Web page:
Paleontologists say a 201-million-year-old dinosaur fossil found two years ago on a Welsh beach could offer vital clues to understanding the evolution from the late Triassic to the early Jurassic Period.    Dracoraptor hanigani has been classified as a new species. It's one of the oldest Jurassic dinosaurs ever found, and among the most complete specimens from the time period.    The early Jurassic period is crucial in the evolutionary history of dinosaurs. It followed an extinction event in the late Triassic era that wiped out more than half the species on Earth and may have created the subsequent global dominance of the dinosaurs, led by the likes of Tyrannosaurus rex and Velociraptor.    According to Cindy Howells, palaeontology curator at the National Museum of Wales where the fossil is on display, "it's an important find in the early Jurassic because at that time dinosaurs were just starting to diversify. They'd only just evolved, but the continents were in such a position it was favorable, the warm climate, and this is just when we were getting that evolution of different types of dinosaurs meat-eaters were just starting out on the journey they made toward the Velociraptor and Tyrannosaurus that we have in the Cretaceous period. So this little dinosaur is (one of) the very first along the line that led to the Velociraptor."         Species which successfully crossed over into the Jurassic age are believed by experts to hold clues to the diversification of dinosaurs into the many species that existed in the middle Jurassic period, some of which are the ancestors of birds.     Dracoraptor translates loosely as "dragon thief", while hanigani namechecks Rob and Nick Hanigan, the two fossil-hunting brothers who found the remains at Lavernock Point near the Welsh capital Cardiff.    Forty percent of the animal was preserved, including its skull, claws, teeth and foot bones. Due to the body's symmetry this has enabled the virtual recreation of 80 percent of the Dracoraptor.     "Because we've got so much of it we can fill in quite a lot of gaps in the evolution of this period and we can use it to compare with other dinosaurs that we've got in America and around the world and the comparison of its anatomy helps us understand how these dinosaurs moved, what they ate, how they lived."    The creature was relatively small, around two meters long from head to tail. A poster in the museum shows it to be many times smaller than the Tyrannosaurus rex, although paleontologists believe it to be a juvenile of indistinct age. Dracoraptor had short arms and large hands.     "This dinosaur was very small," said Howells. "It was an agile, meat eating creature with sharp teeth, sharp claws, able to move swiftly and grab its prey. We don't quite know what it would have eaten, but possibly small reptiles, small mammals, and possibly other dinosaurs as well. It was a bit like a medium sized dog, very slender, very long-tailed to help it balance as it moved."     Dating the creature was possible because the remains were found above the layers containing Triassic conodont fossils. Geochemical analysis of carbon isotopes can also be used to establish the Jurassic age of these rocks.     "We know this dinosaur is (was born) 200 million years ago, to within half a million years or so," said Howells. "The rocks down here we've been studying for quite a long time now and we can do direct comparisons with the ages of rocks in Austria, which is where the transition between the Triassic and the Jurassic boundaries is precisely located."      She added: "This dinosaur is really significant because we have very few meat-eating dinosaurs, (or) these Theropod dinosaurs from the very beginning of the Jurassic. This was a time just after a big extinction event had happened and the dinosaurs were just starting to diversify and expand in their range, so this is one of the first complete skeletons that we have from that age."    Paul Barrett, of the Natural History Museum in London, told New Scientist the dracoraptor is "one of the best preserved meat-eating dinosaurs from the early part of the Jurassic Period - not only in Europe, but globally." Barrett believes its discovery will be crucial in unlocking understanding how dinosaurs evolved in the wake of the major extinctions.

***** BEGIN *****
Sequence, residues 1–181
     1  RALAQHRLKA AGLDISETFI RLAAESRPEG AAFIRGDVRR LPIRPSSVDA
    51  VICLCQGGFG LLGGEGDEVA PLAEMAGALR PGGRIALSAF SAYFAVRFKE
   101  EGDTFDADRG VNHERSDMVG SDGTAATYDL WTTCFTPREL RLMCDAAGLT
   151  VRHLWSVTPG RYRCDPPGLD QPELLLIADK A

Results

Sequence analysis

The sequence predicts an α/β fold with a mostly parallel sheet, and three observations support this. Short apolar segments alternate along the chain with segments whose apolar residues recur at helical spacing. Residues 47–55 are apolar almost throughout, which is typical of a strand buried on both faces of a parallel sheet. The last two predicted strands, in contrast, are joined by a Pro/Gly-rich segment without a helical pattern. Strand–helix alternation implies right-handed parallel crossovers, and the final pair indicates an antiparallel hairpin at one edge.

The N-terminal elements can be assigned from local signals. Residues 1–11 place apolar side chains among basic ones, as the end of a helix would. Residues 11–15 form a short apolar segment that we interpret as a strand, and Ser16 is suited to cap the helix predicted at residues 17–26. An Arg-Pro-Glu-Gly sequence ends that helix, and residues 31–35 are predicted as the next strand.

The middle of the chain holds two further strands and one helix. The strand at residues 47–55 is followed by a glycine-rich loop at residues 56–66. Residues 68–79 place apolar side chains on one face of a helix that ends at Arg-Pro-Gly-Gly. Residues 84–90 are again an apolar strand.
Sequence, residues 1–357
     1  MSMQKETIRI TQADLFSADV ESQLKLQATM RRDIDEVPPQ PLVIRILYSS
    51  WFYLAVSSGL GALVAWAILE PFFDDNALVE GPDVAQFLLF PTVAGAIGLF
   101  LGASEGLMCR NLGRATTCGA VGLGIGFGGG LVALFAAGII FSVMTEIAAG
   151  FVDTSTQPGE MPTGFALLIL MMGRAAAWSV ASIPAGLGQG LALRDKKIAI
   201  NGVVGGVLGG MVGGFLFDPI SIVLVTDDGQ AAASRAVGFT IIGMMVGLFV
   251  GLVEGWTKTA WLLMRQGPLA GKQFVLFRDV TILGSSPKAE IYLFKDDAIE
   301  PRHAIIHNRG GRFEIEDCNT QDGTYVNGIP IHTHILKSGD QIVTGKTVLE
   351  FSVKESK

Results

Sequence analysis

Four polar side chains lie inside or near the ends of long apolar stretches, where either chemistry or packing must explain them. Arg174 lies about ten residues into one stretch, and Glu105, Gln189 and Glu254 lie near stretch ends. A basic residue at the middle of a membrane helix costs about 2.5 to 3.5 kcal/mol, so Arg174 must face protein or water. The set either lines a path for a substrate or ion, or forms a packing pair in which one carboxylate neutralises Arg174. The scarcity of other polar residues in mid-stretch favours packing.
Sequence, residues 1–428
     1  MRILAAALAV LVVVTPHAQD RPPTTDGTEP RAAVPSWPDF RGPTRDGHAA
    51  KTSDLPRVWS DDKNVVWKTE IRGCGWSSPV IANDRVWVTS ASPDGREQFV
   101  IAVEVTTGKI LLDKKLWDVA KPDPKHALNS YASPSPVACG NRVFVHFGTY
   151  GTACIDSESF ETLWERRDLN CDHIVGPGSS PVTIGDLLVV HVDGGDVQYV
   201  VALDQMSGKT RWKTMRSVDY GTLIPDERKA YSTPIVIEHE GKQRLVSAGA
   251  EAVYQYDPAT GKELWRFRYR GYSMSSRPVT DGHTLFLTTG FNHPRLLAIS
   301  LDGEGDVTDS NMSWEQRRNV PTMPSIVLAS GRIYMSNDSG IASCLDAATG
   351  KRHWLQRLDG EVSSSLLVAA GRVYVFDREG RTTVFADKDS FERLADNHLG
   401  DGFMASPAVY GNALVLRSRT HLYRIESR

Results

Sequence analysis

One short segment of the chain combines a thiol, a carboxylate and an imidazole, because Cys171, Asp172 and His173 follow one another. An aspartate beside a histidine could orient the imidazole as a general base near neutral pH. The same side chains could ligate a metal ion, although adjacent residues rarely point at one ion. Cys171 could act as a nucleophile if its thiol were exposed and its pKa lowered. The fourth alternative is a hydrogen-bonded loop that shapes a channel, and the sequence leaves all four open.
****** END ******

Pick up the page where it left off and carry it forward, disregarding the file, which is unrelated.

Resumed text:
Italian consortium set to win giant Chile telescope contract